May 28, 2019

“The world is conquered by doing small things all these years. That’s how women’s improvement happen, it doesn’t happen overnight, it happens incrementally.”

How your journey to Smith College was?

I think Smith was a pivotal experience as you know, it brought a positive change in my life and I think that is why I suggest everyone get enrolled in Smith if they get the opportunity. It’s the friendship that stays for life and you learn from each other, you work with each other and that is a very healthy competition. It was twenty-two years ago when I was enrolled in Smith, I actually wanted to get enrolled to another college.

By exploring the Princeton magazine as we didn’t have the internet, I got to know about different great universities, later I found out the college I selected was situated in a remote area and was glad that I didn’t apply there. After knowing three other girls from our school (Scholastica) was applying to Smith, my mother was convinced that I will apply to Smith College as she believed it was safe.


Higher Studies is important but why is it more crucial for a woman?

From my point to view, it is because when you are a woman, you have to prove yourself. For example, as you know that I am a chartered accountant and work on different corporate secretarial, so, I witness guys brag about their achievements often but it is very unusual for women to do.

The women do amazing work, I’m privileged to make proper use of my education as I am working on a professional field, but some who are starting a business might not need the education but it is better to have education as it opens up different doors.


So, being a chartered accountant do you get judged? Do people go like “Really? Are you a Chartered Accountant?” How do you react to that?

It was not an issue in America. I studied CPA in America. I worked for KPMG, and as 50 per cent of the employees were women, and it was fine. Before 10 years I moved back to Bangladesh, joined another accounting firm, and the environment of the place was very supportive too.

I think that there is no distinction between female and male employees anymore. They might approach a bit differently as I am a woman in the beginning but after time passes it is all the same. It takes time to simmer down, and that’s it.  


As you said, just because we are women, we need to prove ourselves for an extent and don’t you think that’s a huge pressure sometimes.

It is. But, I believe, we are fighters and we accept it. When I opened up my firm (Snehasish Mahmud & Co.), I used to think that I was taking all these burdens for no reason, it was a challenge for me as my child was only 2 and a half months old.

Currently, we have 4 partners, so, we have grown. But back in the days, it was very harsh, as I had a little child and I had to travel to different other divisions of Bangladesh and more leaving my child at home. I wanted to quit all the time but not quitting was the challenge, however, it was better when my son grew up.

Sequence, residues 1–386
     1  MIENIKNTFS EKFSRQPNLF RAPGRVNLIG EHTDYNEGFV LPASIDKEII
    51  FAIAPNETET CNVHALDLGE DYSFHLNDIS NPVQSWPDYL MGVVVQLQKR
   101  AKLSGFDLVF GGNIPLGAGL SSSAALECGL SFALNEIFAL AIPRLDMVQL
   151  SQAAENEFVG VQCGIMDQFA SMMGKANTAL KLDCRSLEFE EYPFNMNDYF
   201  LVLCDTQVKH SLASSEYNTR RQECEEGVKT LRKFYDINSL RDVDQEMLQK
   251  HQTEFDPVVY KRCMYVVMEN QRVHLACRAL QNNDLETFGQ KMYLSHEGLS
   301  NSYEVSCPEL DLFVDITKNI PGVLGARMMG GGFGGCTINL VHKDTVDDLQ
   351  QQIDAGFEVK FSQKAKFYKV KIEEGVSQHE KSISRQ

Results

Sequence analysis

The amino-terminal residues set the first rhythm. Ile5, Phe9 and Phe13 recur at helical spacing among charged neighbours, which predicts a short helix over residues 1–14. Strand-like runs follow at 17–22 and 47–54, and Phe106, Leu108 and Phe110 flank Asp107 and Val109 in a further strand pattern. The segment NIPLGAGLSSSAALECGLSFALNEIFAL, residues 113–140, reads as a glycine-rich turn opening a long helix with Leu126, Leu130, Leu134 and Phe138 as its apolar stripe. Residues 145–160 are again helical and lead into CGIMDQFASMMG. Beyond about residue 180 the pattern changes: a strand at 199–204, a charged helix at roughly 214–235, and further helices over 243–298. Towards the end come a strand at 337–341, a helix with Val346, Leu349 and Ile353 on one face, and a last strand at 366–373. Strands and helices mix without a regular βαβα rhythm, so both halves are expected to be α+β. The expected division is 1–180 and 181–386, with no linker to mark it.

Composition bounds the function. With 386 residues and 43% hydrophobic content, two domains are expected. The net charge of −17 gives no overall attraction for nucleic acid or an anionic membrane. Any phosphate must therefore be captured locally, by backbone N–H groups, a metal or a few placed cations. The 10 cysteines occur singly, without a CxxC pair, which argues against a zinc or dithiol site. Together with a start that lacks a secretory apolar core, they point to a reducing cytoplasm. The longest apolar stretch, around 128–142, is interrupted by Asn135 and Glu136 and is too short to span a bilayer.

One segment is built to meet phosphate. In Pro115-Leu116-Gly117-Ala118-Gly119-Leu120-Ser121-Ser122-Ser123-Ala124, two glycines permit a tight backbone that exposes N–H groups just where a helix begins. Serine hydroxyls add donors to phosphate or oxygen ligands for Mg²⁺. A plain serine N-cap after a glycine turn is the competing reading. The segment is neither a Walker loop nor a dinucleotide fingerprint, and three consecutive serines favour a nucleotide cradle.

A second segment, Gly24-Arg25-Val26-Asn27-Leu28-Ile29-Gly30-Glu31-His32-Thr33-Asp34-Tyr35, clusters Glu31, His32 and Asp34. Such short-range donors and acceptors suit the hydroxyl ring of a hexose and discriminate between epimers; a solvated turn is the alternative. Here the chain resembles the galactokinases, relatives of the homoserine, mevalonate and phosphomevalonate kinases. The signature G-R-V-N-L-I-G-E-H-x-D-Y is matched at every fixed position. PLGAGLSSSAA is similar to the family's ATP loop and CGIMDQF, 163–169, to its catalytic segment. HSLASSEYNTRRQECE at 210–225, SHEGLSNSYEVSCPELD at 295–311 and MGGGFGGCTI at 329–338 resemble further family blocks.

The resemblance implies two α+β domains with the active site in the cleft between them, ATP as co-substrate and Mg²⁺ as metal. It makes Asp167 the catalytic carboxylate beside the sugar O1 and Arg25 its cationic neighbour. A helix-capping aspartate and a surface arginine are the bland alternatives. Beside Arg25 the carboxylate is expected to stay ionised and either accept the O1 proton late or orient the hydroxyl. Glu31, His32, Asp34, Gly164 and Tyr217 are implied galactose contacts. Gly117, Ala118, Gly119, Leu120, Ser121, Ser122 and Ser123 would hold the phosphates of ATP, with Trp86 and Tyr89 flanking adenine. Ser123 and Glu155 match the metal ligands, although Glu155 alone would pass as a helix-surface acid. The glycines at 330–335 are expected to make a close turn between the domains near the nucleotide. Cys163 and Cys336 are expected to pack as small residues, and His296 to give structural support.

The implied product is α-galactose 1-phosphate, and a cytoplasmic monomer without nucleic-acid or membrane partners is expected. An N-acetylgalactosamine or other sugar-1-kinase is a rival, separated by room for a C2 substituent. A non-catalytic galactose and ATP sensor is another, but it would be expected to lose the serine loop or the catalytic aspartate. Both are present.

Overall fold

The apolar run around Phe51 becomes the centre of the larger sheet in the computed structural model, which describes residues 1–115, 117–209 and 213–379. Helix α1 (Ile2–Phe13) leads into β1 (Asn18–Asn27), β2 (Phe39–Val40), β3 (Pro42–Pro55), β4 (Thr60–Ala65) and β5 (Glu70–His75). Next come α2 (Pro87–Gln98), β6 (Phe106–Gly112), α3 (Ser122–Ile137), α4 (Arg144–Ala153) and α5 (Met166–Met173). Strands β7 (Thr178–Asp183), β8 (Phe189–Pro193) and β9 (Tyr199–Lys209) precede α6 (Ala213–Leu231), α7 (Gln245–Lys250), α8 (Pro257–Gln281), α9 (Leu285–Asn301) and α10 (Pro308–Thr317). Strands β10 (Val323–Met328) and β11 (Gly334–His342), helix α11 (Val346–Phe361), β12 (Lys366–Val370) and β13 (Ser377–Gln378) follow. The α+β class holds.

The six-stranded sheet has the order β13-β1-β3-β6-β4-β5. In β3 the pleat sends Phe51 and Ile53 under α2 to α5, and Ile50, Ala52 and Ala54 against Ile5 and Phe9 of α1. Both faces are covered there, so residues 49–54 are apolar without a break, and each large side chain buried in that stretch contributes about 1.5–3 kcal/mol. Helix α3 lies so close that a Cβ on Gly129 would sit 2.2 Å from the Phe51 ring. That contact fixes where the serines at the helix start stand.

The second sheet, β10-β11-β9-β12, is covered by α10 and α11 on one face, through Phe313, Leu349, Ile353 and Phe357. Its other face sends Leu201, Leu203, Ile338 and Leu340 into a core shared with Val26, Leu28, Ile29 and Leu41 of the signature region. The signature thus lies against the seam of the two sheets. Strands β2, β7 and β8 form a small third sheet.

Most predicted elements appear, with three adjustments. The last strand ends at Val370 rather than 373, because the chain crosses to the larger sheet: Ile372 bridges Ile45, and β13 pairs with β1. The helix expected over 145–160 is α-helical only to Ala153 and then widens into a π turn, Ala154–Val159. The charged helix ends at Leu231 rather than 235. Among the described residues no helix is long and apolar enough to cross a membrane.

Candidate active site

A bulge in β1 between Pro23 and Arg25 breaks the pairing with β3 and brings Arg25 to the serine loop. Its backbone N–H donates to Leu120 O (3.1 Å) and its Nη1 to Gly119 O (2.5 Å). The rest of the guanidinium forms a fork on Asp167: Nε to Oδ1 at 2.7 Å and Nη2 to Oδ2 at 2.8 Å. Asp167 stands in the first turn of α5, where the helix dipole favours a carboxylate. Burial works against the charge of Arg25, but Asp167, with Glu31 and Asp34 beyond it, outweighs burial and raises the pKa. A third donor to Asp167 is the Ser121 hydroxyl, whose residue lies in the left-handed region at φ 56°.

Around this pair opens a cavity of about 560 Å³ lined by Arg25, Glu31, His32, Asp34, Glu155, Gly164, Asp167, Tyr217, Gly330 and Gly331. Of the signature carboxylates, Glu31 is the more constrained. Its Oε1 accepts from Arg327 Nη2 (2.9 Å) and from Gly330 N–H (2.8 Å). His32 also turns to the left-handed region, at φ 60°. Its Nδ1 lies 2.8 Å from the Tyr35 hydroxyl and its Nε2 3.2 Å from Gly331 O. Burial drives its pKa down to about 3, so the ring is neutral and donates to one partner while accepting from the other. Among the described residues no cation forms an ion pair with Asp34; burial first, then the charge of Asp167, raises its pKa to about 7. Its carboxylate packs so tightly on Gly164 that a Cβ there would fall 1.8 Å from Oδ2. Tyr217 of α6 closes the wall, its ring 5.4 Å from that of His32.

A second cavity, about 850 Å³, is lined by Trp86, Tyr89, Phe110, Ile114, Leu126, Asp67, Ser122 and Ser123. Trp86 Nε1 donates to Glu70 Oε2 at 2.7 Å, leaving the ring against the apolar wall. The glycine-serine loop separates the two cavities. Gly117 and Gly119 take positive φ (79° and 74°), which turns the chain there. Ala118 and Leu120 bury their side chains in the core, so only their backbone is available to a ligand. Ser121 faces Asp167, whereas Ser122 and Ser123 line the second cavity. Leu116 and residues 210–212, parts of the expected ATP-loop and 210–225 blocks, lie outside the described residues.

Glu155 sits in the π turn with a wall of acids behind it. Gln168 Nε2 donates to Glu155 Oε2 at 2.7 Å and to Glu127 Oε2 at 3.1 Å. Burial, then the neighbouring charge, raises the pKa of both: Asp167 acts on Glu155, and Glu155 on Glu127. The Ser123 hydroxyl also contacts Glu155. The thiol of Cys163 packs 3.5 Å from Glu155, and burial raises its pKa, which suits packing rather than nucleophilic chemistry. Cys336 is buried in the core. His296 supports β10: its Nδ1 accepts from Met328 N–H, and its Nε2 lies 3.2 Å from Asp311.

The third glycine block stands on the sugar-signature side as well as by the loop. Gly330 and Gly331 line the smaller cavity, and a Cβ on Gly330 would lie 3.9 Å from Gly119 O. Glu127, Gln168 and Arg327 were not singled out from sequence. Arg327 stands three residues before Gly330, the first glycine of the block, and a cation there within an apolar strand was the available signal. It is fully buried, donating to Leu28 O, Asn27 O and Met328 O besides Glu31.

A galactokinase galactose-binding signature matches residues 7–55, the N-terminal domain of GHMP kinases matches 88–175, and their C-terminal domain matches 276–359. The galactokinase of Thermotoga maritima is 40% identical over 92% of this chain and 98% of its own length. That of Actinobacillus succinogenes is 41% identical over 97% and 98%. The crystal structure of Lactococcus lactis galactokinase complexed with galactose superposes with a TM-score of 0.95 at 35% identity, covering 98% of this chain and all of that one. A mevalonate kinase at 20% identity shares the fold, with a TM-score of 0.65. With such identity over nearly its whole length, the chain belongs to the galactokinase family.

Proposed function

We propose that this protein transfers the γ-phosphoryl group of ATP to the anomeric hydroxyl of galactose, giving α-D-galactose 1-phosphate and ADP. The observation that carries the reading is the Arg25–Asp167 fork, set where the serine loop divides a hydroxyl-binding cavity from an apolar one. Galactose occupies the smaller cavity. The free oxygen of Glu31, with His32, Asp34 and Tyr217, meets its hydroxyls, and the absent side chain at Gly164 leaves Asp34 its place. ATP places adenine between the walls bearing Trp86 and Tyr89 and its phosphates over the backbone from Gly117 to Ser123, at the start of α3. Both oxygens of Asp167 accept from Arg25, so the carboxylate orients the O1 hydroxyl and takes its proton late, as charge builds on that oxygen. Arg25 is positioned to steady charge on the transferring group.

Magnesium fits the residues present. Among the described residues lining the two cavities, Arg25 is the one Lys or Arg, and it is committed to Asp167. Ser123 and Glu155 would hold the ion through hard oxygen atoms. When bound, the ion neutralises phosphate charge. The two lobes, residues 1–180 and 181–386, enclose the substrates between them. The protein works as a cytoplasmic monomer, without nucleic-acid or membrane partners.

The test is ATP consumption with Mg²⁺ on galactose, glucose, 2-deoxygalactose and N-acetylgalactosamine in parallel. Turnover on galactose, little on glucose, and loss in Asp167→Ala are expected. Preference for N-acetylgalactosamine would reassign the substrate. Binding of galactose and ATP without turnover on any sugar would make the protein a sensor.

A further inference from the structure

Coming to HerStory, how did the journey start?

My firm and HerStory is very much interconnected. When I started my firm, Bangladesh currently has a bit more than hundred female chartered accountant. So, when we started there were hardly around fifty chartered accountants. At that time I was planning on building a network of women and get to know them.

I decided to invite women of different professions for a get-together. I finally held an event in 2016, there were women of three different generations. We were very inspired by about the younger ones, even Sultana Kamal and Khushi Kabir joined us to inspire.

After the event, my friends asked if they were going to be invited again in the following year. As I have a passion for art and had taken different art classes, later we had decided to let people know about the stories of the female artists and our role models, it happened in 2017. So, with the help of EMK Center, we conveyed the event and it was informal and beautiful.

Later on, Aroma Dutta (Social and Human Rights Activist) advised me to put the stories on a book and that is how the idea came of HerStories. Later we launched the book in 2017’s Dhaka Lit Fest. The second installment came in Dhaka Lit Fest 2018. Now we are working on the third book. 

How far reaching to women, talking and listening to them is important? Does HerStory escalate that opportunity? 

It is very important indeed. It opens doors to come out from the barriers of the society. Let me give you an example — there is this lady, who shares the same nickname with me. She was in the early 80s and we were on a team and there is where she told me that I was going to do very good and that gave me confidence. That kept me going!

HerStory is not just a book rather it’s a process. It’s a gradual process to understand and perceive the role and contribution of women in Bangladesh. As HerStory is for the children, its purpose is to open the perspective of boys and girls in the school. And the perspective we are taking is about having a society free of patriarchy, regardless of gender and ethnicity.    


What would be your words to the women who are less privileged and the women who are having a barrier to working from the family?

Without the support of the family, it’s very hard for a woman to achieve anything. However, I have seen many women who didn’t have the support yet succeed. Hence, what the women actually need to do, is have a plan and be persistent.

Complaining about the barriers will not do any good if one does not take any action. If they start doing small things at a time the world would be a better place. The world is conquered by doing small things all these years. That’s how women’s improvement happen, it doesn’t happen overnight, it happens incrementally.

Nazmun Naher Shishir

Communication and Publication Executive

Films 4 Peace Foundation

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